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Re: [10GBT] Issues with solarsep_varlen7a.m

And the magnitude of the difference is?  I believe you will find it is small enough not to change the results.


Because the simulation was made to be power-spectrum independent, the comment you made about the frequency base and TX power is correct; however, however, the effect is small because the system is evaluated and limited by impairments proportional to the power spectrum.  If background noise were increased, this difference would matter, more.  Also if you eliminated Alien NEXT,  this effect matters more.


On the folded SNR calculation, however, you are incorrect.  The optimum DFE is based on a folded SNR which is the sum of the SNRs, not the sum of the signal over the sum of the noise.  You can check either Salz, or for a more direct representation, please check Pottie & Eyuboglu, JSAC, August 1991, equation 6.


On the SNRs used for 2, 3, & 4 bits, these numbers are close approximations, and the difference is small (< .25 dB), but the uncoded margin numbers from these equations haven’t generally been used.  When comparing multiple baud rates, however, the margin y aren’t the scaling factors used for the margin vs. baud rate graphs.  The graphs are based on the information bits per symbol and these are the ones that were used in the presentations showing the difference in baud rates.


For coded systems I use the directly computed DFE SNRs and then compare them to the SNR required by the coded system.   


Sailesh – if you wish to provide refined code, be my guest.


-----Original Message-----
From: stds-802-3-10gbt@IEEE.ORG [mailto:stds-802-3-10gbt@IEEE.ORG] On Behalf Of Sailesh Rao
Wednesday, July 07, 2004 11:59 AM
Subject: [10GBT] Issues with solarsep_varlen7a.m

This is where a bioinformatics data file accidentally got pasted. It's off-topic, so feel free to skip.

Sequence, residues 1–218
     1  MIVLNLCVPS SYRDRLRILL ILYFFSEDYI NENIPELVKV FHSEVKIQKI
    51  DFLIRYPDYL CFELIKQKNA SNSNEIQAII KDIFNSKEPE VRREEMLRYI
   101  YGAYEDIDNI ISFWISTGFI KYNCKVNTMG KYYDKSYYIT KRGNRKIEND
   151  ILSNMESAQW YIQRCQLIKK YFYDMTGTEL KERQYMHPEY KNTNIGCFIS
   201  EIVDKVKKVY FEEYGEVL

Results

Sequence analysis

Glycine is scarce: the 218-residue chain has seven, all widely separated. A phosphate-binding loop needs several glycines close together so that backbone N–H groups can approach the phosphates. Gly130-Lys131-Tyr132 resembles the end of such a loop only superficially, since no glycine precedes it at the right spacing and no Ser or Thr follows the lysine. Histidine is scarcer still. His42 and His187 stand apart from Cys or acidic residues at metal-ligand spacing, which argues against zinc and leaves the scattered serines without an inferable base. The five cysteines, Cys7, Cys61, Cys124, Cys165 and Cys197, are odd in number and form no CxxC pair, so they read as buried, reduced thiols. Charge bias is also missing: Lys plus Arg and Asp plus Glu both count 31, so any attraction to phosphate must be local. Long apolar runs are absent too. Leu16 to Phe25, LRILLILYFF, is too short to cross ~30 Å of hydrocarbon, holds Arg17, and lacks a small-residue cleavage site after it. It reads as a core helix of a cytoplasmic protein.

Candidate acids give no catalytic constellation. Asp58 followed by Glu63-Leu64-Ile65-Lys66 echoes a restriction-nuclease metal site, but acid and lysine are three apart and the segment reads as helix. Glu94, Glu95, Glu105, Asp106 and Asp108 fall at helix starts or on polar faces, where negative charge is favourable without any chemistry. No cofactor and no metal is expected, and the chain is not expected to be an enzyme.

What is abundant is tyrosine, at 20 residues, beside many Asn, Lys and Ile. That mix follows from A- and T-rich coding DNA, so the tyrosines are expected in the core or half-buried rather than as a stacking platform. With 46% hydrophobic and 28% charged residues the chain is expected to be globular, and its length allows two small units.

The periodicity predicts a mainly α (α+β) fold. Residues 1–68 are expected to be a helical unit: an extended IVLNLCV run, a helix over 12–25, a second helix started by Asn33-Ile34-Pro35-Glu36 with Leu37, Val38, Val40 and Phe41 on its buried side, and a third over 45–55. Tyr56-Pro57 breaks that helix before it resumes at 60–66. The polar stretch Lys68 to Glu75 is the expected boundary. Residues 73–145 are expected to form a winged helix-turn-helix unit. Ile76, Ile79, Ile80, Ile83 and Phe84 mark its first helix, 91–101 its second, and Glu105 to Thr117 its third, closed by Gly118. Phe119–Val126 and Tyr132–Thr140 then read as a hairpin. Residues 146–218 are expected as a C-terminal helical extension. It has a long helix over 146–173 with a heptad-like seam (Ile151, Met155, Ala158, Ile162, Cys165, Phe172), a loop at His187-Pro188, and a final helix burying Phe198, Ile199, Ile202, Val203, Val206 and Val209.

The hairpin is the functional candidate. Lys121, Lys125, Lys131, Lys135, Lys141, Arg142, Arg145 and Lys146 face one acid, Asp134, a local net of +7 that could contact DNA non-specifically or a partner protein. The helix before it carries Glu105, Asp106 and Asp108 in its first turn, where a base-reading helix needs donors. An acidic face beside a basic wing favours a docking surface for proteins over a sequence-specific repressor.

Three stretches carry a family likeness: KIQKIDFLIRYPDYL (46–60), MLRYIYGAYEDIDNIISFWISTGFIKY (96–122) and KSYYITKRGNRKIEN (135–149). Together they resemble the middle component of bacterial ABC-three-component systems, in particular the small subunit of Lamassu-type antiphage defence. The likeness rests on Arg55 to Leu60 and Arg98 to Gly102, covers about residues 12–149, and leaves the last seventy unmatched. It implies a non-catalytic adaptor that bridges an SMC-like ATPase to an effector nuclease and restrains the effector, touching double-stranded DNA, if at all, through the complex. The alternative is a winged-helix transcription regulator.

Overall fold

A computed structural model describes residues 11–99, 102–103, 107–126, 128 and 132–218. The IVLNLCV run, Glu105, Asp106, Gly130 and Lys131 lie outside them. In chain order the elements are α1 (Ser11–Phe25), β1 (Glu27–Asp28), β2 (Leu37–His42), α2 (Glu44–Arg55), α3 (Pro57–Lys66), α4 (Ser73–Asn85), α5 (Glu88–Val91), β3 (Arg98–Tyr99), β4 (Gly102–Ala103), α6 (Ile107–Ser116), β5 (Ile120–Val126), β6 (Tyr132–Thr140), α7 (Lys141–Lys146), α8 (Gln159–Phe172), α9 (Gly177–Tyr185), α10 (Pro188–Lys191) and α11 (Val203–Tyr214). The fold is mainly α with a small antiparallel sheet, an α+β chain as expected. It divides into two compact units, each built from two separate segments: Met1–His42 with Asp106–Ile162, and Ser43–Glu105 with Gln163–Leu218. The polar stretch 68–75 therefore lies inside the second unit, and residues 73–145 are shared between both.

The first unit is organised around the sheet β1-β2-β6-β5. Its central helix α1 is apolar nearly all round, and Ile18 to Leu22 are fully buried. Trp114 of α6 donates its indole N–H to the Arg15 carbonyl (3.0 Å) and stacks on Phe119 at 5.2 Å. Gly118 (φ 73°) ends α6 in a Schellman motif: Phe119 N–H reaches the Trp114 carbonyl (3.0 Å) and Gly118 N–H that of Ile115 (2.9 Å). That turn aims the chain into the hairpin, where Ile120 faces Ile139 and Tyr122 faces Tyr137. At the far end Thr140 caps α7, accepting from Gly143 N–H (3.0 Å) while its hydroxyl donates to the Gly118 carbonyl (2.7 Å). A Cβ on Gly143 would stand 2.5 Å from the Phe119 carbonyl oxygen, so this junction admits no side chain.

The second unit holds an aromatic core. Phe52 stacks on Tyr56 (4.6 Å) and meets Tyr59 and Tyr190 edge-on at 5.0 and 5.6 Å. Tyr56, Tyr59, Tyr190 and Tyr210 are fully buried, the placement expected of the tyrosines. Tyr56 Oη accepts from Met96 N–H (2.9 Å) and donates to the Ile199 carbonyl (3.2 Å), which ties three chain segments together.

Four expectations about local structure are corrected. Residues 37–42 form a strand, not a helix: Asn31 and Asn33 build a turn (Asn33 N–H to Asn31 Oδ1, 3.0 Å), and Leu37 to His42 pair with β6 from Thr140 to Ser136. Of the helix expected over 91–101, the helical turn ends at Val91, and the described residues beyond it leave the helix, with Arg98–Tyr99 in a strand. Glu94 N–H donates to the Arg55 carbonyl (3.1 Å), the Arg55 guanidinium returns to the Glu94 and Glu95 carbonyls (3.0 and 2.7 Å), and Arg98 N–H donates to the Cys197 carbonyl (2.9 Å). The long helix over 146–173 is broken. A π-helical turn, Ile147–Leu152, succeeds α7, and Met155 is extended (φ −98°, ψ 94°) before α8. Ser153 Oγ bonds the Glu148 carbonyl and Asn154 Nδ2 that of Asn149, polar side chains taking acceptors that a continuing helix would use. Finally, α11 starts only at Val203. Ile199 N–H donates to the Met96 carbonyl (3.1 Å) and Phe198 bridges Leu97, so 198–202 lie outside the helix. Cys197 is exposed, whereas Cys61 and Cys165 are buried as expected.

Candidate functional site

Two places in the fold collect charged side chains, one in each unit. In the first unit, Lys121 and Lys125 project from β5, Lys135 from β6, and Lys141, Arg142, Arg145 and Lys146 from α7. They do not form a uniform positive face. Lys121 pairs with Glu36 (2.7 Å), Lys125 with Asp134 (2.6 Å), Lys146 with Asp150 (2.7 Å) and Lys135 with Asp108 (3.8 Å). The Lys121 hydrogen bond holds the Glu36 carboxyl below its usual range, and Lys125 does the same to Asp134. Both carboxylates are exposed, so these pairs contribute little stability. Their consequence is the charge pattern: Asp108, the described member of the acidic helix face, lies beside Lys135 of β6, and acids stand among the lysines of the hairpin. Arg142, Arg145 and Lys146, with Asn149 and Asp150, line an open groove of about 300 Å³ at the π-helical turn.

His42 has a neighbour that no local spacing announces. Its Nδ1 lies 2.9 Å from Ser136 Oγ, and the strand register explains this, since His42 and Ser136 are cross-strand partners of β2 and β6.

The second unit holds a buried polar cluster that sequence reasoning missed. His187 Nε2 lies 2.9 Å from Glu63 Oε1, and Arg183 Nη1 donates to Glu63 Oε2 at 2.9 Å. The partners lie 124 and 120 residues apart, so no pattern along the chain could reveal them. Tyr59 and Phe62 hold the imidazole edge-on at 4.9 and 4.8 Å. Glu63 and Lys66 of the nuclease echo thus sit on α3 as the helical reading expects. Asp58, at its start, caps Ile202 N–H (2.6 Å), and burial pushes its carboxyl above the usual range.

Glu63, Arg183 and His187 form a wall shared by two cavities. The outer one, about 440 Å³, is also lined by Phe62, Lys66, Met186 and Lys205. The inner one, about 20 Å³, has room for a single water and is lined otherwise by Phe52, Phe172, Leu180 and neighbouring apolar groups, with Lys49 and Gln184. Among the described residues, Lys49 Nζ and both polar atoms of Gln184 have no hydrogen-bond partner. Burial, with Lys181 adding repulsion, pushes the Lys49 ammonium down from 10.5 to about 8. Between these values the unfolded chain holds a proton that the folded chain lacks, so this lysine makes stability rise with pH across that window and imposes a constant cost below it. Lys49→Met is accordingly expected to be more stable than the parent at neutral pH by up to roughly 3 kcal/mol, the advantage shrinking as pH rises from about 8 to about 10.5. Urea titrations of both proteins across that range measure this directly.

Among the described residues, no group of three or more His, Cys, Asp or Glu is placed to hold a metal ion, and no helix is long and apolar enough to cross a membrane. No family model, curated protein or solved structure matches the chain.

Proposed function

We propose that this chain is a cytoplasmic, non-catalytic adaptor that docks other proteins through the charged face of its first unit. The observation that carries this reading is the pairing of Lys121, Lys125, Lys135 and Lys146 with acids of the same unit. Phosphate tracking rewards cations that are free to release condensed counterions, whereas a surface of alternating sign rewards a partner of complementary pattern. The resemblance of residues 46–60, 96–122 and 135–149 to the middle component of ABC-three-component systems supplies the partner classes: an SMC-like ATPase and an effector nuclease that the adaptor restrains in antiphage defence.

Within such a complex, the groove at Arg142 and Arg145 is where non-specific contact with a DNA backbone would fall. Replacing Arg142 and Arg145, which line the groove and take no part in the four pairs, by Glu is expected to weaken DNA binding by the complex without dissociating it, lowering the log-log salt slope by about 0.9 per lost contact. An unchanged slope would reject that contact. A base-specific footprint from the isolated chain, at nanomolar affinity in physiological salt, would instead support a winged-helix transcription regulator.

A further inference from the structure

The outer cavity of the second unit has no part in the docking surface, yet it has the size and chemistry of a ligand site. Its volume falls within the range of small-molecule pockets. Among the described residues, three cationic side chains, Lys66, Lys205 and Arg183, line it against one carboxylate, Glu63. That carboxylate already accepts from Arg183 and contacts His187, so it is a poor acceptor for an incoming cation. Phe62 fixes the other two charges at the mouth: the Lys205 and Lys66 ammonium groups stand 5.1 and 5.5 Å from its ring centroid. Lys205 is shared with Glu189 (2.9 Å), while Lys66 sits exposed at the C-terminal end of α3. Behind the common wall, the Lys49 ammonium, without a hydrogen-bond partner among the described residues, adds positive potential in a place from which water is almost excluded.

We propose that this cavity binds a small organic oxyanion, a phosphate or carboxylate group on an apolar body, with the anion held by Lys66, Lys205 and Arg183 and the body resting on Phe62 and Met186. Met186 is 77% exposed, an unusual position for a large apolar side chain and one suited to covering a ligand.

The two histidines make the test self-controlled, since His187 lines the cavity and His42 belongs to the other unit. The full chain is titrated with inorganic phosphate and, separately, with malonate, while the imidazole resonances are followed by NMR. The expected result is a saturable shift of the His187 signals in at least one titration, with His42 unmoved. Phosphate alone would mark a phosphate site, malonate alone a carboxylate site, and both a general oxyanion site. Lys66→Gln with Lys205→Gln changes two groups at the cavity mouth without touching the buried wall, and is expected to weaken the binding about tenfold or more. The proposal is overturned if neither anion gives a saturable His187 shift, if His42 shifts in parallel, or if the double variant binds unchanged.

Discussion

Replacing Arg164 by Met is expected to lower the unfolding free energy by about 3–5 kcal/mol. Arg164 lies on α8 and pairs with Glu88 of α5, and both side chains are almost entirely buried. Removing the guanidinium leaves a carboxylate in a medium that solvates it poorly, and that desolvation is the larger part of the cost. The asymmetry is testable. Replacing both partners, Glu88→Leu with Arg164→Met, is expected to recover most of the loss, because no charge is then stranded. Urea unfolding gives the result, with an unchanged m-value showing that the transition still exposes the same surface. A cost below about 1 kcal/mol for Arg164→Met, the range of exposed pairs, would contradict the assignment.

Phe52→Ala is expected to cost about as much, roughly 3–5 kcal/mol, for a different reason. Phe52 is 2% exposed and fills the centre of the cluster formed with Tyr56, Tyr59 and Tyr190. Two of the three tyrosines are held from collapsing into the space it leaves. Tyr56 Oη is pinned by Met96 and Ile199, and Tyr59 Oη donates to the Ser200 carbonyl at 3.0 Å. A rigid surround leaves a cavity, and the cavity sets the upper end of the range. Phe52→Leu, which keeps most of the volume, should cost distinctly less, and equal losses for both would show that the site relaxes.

I would like to bring up some issues with the solarsep_varlen7a.m matlab code that is found on


I believe that these issues alter the conclusions that one could derive from this code.


1. Frequency Base:


The frequency base for the DFE margin calculations is being inferred from the first column in the Insertion Loss files found in this directory. As a result, the frequency base ranges from 0 to 650MHz in all cases. However, the average power P is being distributed evenly over (line 391)


bwmhz=1250MHz for the 2-bit PAM system,

bwmhz=1000MHz for the 2.5-bit PAM system,

bwmhz=833MHz for the 3-bit PAM system


This means that 48% of the input power is unused in the 2-bit system, 35% is unused in the 2.5-bit system and only 22% is unused in the 3-bit system. This tips the scale in favor of the 3-bit PAM system.


2. Folded SNR calculation:


The folded SNR calculations in lines 443, 453 and 463 are not right. If f1 and f2 are mirror frequencies about fs/2, the formula being used is


S/N = ABS(S1/N1) + ABS(S2/N2) ;


However, the actual SNR at the folded frequency would be


S/N = ABS(S1+S2)/ABS(N1+N2)


where S1, S2, N1, and N2 are complex phasors. Therefore, in the context of folding, the actual PSD of the signal becomes relevant, whereas the original Salz formula for the optimum DFE SNR is independent of the PSD.


As done in the matlab code, this calculation also tips the scale in favor of the 3-bit PAM system since signal power is assumed to be zero for f>650MHz due to (1) above.


3. SNR Requirement for 1E-12 BER


The SNR requirement for 2.5bit PAM is 3.01dB worse than the SNR requirement for 2-bit PAM.

The SNR requirement for 3bit PAM is 6.23dB worse than the SNR requirement for 2-bit PAM.


The code is using 2.95dB and 5.94dB respectively in lines 446, 456 and 466, which also tips the scale in favor of the 3-bit PAM system.



Sailesh Rao.